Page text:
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they call him a king. a dictator. a socialist. no, he's just more popular than they are. new numbers tonight may surprise you. plus, senator mckowski is here live on the fight for women's rights. it's called paycheck fairness. and who will take on bill o'reilly's id laws? colin powell will. >> if asking for an id is trying to restriblgt the vote, i mean, i'm sorry. you should be able to prove who ur before you cast a ballot. >> no, you should be able to prove who you are when you register to vote. >> i have more to say on mr. o'reilly. more show to come. keep it here. look what mommy is having.
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ncht . have you joined the "politics nation" conversation on facebook yet? we hope you will. please head over to facebook and search "politics nation" and like us to join the conversation that keeps going long after the show ends. a better place to handle your legal needs. maybe you have questions about incorporating a business you'd like to start. or questions about protecting your family with a will or living trust. and you'd like to find the right attorney to help guide you along, answer any questions and offer advice. with an "a" rating from the better business bureau legalzoom helps you get personalized and affordable legal protection. in most states, a legal plan attorney is available with every personalized document to answer any questions.
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my journey is not complete until our wives, our mothers, our daughters can earn a living equal to their efforts. >> women's rights. equal pay for equal work. it's a key part of the president's agenda. and it's also a personal issue for him. he often talked about making sure his daughters have the same rights and the same opportunities as any boy growing up in america. but, right now, that's not possible. because if you're a woman, you make less than a man doing the exact same job. in fact, for every dollar a man makes, a woman will earn only 77 cents. this holds true inner inial nea career fields. whether you're a c.e.o., a teacher, a police officer or a janitor. it's unfair. but senate democrats are working again to change that law. they're introducing the paycheck fairness act.
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a bill to help women fight for equality. >> no woman in america today will understand why. anyone would filibuster such a bill. >> we want to finish the job. we want to finish the job that starting 50 years ago. well, 50 years later, we are sill being redlined, sidelined, pink slipped because we fight for equal pay for equal work. >> equal pay for equal work. women's rights. republicans have been fighting against that. but it's time for a change. joining me now are senator barbara from maryland and senator barbara boxer from california. thank you both for your time. >> hi, al. >> senator, republicans have blocked the paycheck fairness act before. can they be moved this time? >> absolutely. we have the momentum of the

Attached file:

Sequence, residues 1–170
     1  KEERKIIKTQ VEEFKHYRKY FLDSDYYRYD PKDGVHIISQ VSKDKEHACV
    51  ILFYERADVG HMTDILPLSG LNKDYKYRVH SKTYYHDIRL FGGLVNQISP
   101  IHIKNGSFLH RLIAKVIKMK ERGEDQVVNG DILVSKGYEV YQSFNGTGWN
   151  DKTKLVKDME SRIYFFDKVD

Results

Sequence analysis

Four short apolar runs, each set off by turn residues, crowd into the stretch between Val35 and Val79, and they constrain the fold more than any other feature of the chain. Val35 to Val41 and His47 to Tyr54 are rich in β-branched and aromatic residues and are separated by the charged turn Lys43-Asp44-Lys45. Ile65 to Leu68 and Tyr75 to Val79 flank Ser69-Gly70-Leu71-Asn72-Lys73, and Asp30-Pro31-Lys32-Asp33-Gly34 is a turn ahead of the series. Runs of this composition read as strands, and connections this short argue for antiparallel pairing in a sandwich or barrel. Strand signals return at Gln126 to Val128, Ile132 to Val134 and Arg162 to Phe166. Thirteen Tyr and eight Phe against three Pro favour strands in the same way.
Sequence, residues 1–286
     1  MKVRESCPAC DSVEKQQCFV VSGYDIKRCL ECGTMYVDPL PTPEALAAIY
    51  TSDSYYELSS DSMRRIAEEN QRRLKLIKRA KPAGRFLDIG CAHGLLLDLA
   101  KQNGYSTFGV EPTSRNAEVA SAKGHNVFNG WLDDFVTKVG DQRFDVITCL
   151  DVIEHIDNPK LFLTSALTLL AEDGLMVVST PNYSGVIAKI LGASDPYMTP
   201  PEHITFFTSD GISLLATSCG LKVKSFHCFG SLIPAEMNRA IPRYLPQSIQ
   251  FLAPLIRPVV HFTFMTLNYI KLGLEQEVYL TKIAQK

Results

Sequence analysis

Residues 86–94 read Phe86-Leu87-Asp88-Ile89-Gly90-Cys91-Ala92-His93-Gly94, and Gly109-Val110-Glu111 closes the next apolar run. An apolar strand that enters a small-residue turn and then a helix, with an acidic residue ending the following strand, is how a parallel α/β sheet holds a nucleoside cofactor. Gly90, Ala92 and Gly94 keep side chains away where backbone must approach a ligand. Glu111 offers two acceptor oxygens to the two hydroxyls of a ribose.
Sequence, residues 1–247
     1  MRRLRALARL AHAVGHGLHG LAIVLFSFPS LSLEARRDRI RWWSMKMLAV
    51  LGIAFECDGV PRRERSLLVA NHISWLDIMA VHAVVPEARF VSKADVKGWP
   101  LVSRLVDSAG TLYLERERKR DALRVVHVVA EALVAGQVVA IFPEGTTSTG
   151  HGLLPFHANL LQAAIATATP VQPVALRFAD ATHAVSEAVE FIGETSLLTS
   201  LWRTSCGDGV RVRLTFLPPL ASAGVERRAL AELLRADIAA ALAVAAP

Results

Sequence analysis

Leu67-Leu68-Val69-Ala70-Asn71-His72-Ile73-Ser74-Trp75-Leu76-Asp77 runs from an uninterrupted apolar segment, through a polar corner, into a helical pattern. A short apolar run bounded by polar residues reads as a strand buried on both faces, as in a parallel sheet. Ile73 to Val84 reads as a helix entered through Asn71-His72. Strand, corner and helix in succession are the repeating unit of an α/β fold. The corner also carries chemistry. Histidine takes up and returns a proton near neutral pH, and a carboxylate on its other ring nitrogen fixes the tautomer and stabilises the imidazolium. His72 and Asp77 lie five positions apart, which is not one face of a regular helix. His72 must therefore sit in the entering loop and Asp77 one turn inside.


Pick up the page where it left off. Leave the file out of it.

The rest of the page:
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american women behind us. and guess what, we have, now, 20 women in the united states senate, 16 democrats. we know we support it. we hope our republican colleagues do and there are good men like our president right here in the senate that will. and we're going to make our case that this is -- if we can pass paycheck fairness which will deal with the two major issues, number one, when a woman asks either the guy next to her or her personnel director what her pay is and the guy making it, she can be harassed, she can be punished, she can even be fired. we want to stop that. and second, there's a loophole where they make up that because you're a woman, gender, that they can pay a guy more. but usually, we find those are phony reasons. >> now, senator boxer, this
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affects, literally, millions of people. this is not a marginal issue at all. when you look at the fact that -- look at families. 12 million families with children rely primarily on women's earnings. 6.3 million families are headed by working single mothers. i was raised by single mothers. so when they only get three quarters, a little over three quarters of a dollar and they're the only earner, it is not only unfair and it impacts them, it impacts families. >> without a doubt. and reverend, if you take that difference, 77 cents for every dollar earned by a man and you program it out, it's over 400 0 $400,,000. imagine the difference it would make to a family? i would argue this impacts almost every family in america. because today, whether it's a single mom raising or a dual household, the fact is, most